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US Puts Sanctions on Business 'Cronies' of Zimbabwe's Mugabe


The United States Tuesday imposed sanctions against four persons described by the Treasury Department as business cronies of Zimbabwean President Robert Mugabe. Officials say the targeted sanctions are intended to prod the Zimbabwean leader into meaningful-power sharing with the political opposition. VOA's David Gollust reports from the State Department.

The Bush administration has added four more names to a growing list of Mugabe family members and close associates facing U.S. financial sanctions.

The list announced by the Treasury Department includes two prominent Zimbabwean businessmen accused of helping channel funds to Harare government insiders, and two foreign nationals - a Thai businesswoman and a Malaysian doctor - said to have engaged in deals benefiting the Mugabe family.

U.S. Ambassador to Zimbabwe James McGee had warned last week that new sanctions were being prepared, unless there was early progress in power-sharing talks between the Mugabe government and the opposition Movement for Democratic Change, which won parliamentary elections last March.

Thus far, despite a power-sharing accord with MDC leader Morgan Tsvangirai reached in September, Mr. Mugabe has insisted on retaining the most powerful cabinet positions including defense and finance, and offering the MDC only social-service portfolios.

State Department Deputy Spokesman Robert Wood told VOA the new sanctions are intended to put pressure on Mr. Mugabe to negotiate seriously, and that they seem to be the only way to make the point to the Zimbabwean leader that the world community will not sit back and watch the situation in Zimbabwe deteriorate further.

Wood said the sanctions are crafted to impact on the ruling circle in Harare and not impose greater hardship on the Zimbabwean people.

"What we're trying to do is put sanctions on individuals and entities that are propping up the Mugabe regime," said Robert Wood. "That's what we're trying to do. We're not trying to target innocent Zimbabweans. This is not their fault. They went to the polls to express their free will, and the Mugabe regime has not been willing to accept the will of the people. And what we have been trying to do is facilitate, with our partners in the international community, a way to bring about a peaceful, democratic solution."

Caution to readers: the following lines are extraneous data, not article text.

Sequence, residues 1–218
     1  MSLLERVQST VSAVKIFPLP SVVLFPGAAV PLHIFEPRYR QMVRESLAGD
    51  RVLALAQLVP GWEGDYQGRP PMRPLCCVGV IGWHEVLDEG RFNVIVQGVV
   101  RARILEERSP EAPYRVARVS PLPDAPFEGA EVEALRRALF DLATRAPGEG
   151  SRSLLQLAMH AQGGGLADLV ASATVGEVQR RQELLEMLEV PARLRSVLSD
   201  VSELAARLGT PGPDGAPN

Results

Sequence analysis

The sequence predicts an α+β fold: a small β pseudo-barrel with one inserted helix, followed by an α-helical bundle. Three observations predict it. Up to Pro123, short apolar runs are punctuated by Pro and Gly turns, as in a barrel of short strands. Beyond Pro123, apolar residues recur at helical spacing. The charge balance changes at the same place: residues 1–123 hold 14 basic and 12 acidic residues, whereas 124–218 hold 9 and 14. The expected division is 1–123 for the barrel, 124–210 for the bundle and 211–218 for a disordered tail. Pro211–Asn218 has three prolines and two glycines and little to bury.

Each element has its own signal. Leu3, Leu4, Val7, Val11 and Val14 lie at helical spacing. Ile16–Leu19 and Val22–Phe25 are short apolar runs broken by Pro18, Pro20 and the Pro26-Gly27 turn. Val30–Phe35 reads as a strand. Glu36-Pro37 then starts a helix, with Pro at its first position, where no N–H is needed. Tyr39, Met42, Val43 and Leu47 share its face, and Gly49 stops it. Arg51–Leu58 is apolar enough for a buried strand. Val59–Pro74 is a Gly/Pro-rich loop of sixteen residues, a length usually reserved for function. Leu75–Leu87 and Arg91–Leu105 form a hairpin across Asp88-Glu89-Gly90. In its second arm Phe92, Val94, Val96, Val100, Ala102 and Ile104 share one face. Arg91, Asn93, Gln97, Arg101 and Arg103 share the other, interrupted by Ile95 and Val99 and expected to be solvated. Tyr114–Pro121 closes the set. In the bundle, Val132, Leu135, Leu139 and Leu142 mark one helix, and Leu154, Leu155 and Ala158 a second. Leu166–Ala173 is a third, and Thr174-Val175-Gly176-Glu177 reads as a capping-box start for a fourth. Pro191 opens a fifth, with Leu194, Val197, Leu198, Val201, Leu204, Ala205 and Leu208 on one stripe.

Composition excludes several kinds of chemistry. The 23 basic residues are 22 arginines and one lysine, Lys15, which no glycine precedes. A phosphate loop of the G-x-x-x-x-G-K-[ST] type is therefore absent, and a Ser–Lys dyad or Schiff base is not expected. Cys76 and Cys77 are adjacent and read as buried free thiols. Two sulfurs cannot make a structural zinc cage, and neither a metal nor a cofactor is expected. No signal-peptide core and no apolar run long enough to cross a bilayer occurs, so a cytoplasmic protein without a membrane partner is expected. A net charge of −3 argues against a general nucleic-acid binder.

A Treasury Department statement identified the two Zimbabwean businessmen facing sanctions as John Breedenkamp and Muller Conrad Rautenbach.

It said Breedencamp, a well-known Mugabe insider, has helped prop up the government with a web of companies. It said Rautenbach aided senior officials during Zimbabwe's intervention in the Democratic Republic of the Congo, and supported mining projects benefiting a small number of corrupt senior officials.

The Thai businesswoman, Nalinee Joy Taveesin, is said to have facilitated financial, real estate and gem transactions benefiting Mr. Mugabe's wife Grace, who has long been subject to U.S. sanctions herself.

The fourth person designated, Malaysian urologist Mahmood Awang Kechik, one of Mr. Mugabe's personal doctors, is said to have used his medical practice to conceal the destination of medical equipment bound for Zimbabwe, and to generate wealth for government officials.

Under the Treasury designation, U.S. companies and individuals are barred from business dealings with the named persons, and any of their assets within U.S. jurisdiction are frozen.

In a statement Saturday at the Pacific summit in Peru, President Bush said despite their votes in March, Zimbabweans are still governed by what he termed an "illegitimate regime" that suppresses democratic voices and human rights.

He said despite the Harare government's aggressive actions, the United States will continue its $200-million a year humanitarian aid program to the Zimbabwean people.

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